Role of antibody heavy and light chain interface residues in affinity maturation of binding to HIV envelope glycoprotein†
The FV region of an antibody consists of the heavy chain (HC) and light chain (LC) variable domains whose association is maintained by a series of conserved, non-polar interactions. During chronic infections, somatic mutations are induced, often in the HC/LC interface. Sequence variation in these interactions allows the HC and LC domains to inhabit a range of orientations relative to one another. Thus, we hypothesize that these interface mutations are critical to orient and rigidify the HC/LC interface to arrange the paratope for optimal interaction with the antigen, thereby affecting antigen binding affinity allosterically. To test this hypothesis, we measured the HC/LC orientation of a set of broad and potent human HIV neutralizing antibodies. The HC/LC interface of these antibodies contained a large number of mutations and achieved unusual relative orientations compared to other human antibodies. We expressed and characterized a panel of recombinant HIV CD4 binding site antibodies as the fully matured variant and compared these with variants mutated to the HC/LC interface of the inferred unmutated common ancestor antibody. We found that HC/LC interface reverted antibodies have a reduced affinity, confirming that introduction of somatic mutations in the HC/LC interface was one of the critical steps in affinity maturation. We then used the Rosetta software suite to examine the mechanisms through which these mutations affect binding affinity. We determined to what extent the mutations were critical in altering the relative orientation of HC/LC domains to a conformation that is competent to bind the antigen. We further determined whether the mutations excluded alternative HC/LC conformations that would be incompetent to bind the antigen. These findings suggest that somatic mutations in the HC/LC interface, distant from the antigen/antibody contact region, play a critical role in affinity maturation of HIV antibodies by preconfiguring the bound conformation of the antibody in the orientation required for high affinity recognition of the antigen. Thus, optimization of HC/LC interface could serve as an important tool for maximizing antibody/antigen binding affinity without altering antigen contact residues.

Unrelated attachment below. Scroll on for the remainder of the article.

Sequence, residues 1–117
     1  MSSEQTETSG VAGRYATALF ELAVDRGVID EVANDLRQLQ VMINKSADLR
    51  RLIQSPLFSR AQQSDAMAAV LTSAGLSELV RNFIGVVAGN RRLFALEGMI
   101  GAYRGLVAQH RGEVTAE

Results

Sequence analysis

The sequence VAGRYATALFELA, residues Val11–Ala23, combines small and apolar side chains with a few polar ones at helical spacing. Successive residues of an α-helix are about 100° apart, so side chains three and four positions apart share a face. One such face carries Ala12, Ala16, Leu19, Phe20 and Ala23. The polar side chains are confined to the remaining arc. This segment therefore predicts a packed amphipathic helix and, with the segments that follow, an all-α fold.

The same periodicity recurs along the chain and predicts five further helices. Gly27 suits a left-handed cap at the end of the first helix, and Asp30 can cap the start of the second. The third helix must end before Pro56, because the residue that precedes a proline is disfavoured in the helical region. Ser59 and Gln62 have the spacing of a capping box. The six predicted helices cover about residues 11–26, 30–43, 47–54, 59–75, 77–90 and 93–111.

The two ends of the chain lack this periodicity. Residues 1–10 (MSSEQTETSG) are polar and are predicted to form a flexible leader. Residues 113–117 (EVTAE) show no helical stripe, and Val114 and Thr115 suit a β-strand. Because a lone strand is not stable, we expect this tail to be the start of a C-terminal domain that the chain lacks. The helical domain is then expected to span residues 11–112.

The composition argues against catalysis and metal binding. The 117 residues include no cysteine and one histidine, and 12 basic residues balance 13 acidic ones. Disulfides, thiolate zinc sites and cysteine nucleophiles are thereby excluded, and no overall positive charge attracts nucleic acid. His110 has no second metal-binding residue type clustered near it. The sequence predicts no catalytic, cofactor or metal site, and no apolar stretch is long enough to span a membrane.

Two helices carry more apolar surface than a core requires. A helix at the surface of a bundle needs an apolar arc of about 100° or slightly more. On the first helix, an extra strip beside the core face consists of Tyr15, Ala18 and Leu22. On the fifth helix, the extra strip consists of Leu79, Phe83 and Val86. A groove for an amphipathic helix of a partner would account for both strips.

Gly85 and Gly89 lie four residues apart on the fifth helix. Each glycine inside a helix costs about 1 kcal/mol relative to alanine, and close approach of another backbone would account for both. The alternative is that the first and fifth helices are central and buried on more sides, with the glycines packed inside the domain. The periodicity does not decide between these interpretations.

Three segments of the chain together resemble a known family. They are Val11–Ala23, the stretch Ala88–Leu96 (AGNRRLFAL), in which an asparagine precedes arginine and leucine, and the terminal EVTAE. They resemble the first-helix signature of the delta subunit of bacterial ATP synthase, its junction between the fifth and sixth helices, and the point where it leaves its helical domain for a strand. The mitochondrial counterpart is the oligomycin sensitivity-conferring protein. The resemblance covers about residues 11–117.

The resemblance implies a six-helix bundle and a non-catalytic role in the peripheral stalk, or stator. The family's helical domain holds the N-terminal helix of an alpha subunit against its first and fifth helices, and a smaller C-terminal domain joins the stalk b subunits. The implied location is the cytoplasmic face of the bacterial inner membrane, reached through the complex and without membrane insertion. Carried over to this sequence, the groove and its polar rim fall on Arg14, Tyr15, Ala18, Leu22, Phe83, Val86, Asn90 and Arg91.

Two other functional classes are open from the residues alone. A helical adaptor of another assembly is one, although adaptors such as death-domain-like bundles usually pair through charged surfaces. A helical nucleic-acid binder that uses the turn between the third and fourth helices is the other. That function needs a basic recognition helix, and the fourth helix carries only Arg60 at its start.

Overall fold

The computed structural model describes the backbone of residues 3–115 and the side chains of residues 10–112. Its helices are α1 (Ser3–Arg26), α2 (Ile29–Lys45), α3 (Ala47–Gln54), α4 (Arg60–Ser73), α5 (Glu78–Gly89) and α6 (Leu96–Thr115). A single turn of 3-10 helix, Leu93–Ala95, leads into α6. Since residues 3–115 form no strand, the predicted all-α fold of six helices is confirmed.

- This article is part of the themed collection: Engineering immunity with quantitative tools